A freshman Senate class was sworn in Jan. 3, bringing diverse skills and experience – not to mention agendas – to the legislative body. Whether the 14 newest senators help break partisan gridlock, or refuse to work across the aisle, will be the test for the 113th Congress.Twelve were elected on Nov. 6, including three Republicans, eight Democrats, and an independent. In addition, a Republican and a Democrat were appointed to vacant seats after the election. Here is a look at the 14 and what they bring to the Senate:
Sens. Jeff Flake (R) and Michael Bennet (D), who helped craft bipartisan legislation now before the Senate, predict economic and political benefits if Congress enacts immigration reform.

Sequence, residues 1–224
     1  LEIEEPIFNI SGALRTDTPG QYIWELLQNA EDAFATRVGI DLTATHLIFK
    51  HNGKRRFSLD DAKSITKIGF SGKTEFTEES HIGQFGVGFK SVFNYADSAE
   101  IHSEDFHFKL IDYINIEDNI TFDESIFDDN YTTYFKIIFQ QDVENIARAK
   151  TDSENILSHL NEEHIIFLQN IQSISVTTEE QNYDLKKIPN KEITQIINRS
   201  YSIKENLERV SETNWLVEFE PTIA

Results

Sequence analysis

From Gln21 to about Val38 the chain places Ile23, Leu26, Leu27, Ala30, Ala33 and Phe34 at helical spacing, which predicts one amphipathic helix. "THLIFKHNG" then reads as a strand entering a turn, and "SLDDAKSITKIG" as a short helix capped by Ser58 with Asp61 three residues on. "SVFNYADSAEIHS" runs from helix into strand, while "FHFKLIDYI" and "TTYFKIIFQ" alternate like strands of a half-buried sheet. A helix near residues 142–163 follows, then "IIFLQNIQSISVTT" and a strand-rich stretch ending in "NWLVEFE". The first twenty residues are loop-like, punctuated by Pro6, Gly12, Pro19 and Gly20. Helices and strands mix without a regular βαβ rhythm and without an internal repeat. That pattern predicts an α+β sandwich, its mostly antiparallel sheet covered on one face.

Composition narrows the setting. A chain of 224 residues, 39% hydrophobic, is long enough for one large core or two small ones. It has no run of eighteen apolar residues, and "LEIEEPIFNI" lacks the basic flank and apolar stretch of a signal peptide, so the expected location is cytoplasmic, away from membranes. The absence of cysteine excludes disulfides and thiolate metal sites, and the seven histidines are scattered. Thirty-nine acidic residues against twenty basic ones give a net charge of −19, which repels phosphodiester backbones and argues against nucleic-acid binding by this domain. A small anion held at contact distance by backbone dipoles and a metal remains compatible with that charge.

Sens. Michael Bennet (D) and Jeff Flake (R), two of the Gang of Eight immigration reformers, said Wednesday there's room to amend the immigration reform bill to include some things conservatives want without sacrificing Democratic votes. Other 'gang' members are more worried.
Immigration reform has been snarled in partisan gridlock for years. But after losing 7 in 10 Hispanic votes in 2012, not all Republicans – in Congress and on talk radio – are mounting an all-out war on reform legislation.
Gun control advocates are taking their message to the states, through ads, town hall meetings, and shaming campaigns. They poked Sen. Kelly Ayotte (R) of New Hampshire on Tuesday.